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ABUJA, Nigeria (AP) — West Africa’s top court on Thursday rejected a request by Niger’s junta for a lifting of coup-related sanctions imposed by its neighbors, ruling that the junta is unconstitutional and therefore lacks the authority to make such a request.
Following the July coup that toppled Niger’s President Mohamed Bazoum, the West African regional bloc ECOWAS imposed sanctions including shutting borders with the member country, suspending financial transactions and freezing Niger's assets. Neighboring Nigeria cut off power that supplied 70% of Niger's electricity.
Niger challenged the sanctions at the ECOWAS Court of Justice in the Nigerian capital Abuja arguing they were causing severe hardship for Niger's citizens, including by curtailing supplies of food and medicine. Niger's coup leaders asked for a provisional halt to the sanctions pending a final judgement on the issue.
Delivering the ruling Thursday, Justice Dupe Atoki called Niger's junta the result of “an unconstitutional change of government” and said that it is not recognized as a member state of the regional bloc.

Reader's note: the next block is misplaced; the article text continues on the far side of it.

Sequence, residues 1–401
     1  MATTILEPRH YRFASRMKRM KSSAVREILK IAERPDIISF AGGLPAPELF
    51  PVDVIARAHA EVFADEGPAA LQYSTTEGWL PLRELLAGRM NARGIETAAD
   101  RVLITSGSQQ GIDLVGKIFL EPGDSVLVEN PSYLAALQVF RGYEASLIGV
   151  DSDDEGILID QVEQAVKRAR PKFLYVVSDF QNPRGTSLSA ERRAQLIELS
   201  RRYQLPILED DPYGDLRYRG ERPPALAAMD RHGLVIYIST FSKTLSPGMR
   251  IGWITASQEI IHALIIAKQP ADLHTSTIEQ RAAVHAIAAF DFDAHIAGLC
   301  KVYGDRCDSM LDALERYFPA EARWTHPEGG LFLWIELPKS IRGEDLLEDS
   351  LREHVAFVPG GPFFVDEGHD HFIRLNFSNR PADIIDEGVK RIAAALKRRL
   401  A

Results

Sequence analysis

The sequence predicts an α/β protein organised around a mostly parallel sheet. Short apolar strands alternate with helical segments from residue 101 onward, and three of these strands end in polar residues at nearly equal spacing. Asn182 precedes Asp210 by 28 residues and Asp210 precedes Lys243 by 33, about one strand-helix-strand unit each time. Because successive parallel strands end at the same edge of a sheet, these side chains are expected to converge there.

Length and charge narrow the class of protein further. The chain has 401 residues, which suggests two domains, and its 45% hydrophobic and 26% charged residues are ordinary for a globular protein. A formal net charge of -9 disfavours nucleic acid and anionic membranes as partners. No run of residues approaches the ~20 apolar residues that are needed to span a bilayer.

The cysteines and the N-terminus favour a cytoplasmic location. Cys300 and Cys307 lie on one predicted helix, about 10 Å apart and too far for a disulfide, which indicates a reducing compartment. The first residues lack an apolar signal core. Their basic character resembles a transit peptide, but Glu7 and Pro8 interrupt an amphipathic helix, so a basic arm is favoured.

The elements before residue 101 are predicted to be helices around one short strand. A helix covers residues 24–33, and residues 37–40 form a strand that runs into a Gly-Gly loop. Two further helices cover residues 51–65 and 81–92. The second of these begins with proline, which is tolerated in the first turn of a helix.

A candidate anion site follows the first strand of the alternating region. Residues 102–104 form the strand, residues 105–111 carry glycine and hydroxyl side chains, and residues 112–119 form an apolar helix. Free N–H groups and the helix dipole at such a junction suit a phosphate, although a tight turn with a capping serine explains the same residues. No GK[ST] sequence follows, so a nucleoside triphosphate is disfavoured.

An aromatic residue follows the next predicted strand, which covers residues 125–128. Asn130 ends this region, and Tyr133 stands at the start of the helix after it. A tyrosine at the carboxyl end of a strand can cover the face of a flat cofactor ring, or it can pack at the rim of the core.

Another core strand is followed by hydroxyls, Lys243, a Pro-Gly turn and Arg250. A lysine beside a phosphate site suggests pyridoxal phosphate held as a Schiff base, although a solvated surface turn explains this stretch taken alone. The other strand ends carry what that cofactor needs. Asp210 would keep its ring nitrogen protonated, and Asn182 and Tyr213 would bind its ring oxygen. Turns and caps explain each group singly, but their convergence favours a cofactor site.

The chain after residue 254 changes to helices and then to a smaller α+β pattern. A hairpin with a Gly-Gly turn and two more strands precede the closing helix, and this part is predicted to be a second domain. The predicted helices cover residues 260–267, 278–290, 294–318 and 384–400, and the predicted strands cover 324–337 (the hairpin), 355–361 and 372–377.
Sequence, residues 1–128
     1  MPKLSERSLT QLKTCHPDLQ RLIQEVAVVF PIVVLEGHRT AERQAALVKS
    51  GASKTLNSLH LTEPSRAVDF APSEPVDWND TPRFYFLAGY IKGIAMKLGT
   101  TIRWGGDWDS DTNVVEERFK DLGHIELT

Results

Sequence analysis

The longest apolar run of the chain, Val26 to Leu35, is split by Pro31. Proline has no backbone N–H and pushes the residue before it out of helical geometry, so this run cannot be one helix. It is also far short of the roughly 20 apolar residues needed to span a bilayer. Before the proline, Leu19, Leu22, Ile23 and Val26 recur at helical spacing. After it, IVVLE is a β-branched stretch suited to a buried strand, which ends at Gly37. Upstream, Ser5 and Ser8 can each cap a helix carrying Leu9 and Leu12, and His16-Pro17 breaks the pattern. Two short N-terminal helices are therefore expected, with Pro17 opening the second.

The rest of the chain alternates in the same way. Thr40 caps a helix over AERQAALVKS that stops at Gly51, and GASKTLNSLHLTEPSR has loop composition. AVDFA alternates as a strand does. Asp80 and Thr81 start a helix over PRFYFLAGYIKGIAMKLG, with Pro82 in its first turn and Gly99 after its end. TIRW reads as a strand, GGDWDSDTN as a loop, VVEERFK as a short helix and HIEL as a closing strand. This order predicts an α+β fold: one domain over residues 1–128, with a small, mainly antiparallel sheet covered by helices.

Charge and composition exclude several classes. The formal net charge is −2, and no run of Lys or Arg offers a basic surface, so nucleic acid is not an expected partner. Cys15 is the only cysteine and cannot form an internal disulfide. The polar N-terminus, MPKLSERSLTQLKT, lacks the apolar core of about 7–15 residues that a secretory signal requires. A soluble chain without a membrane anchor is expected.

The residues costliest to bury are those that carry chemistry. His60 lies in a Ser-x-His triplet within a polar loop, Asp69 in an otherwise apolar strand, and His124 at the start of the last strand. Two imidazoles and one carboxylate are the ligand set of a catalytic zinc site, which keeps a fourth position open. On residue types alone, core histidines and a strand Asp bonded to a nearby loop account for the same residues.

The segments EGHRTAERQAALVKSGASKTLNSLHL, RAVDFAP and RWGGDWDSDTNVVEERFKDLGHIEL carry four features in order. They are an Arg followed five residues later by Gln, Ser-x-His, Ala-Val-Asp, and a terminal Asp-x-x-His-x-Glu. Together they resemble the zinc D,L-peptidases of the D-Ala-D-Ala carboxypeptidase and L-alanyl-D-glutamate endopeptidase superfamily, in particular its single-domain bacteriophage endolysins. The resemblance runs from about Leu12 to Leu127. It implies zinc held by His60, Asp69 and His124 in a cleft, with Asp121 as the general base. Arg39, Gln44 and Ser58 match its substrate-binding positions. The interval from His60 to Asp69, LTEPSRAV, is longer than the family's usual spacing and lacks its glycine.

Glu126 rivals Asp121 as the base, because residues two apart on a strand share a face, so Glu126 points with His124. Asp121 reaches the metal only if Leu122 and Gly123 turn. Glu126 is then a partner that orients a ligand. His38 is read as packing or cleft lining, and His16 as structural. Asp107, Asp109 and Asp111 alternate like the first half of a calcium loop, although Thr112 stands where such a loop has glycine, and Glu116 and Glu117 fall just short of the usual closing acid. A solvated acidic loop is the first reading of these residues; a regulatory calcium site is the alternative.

“Therefore, to the extent that the request for provisional measures in the name of Niger has been brought by an unconstitutional and unrecognized government, it is ... inadmissible,” the judge said.
The ruling could further complicate efforts to resolve the political crisis in Niger and return the country to civilian rule. The junta, which has appointed a prime minister, has set a possible three-year timeline to return power to civilians, which ECOWAS has rejected.
Togolese President Faure Gnassingbé – who has emerged as a mediator between Niger and the regional bloc – was visiting Niger on Thursday ahead of an ECOWAS summit scheduled on Sunday in Abuja to discuss the coup in Niger and other political crises across West Africa.
Niger's deposed president, Bazoum, is still detained by the junta. ECOWAS has demanded his unconditional release and reinstatement as one of the conditions for lifting the sanctions.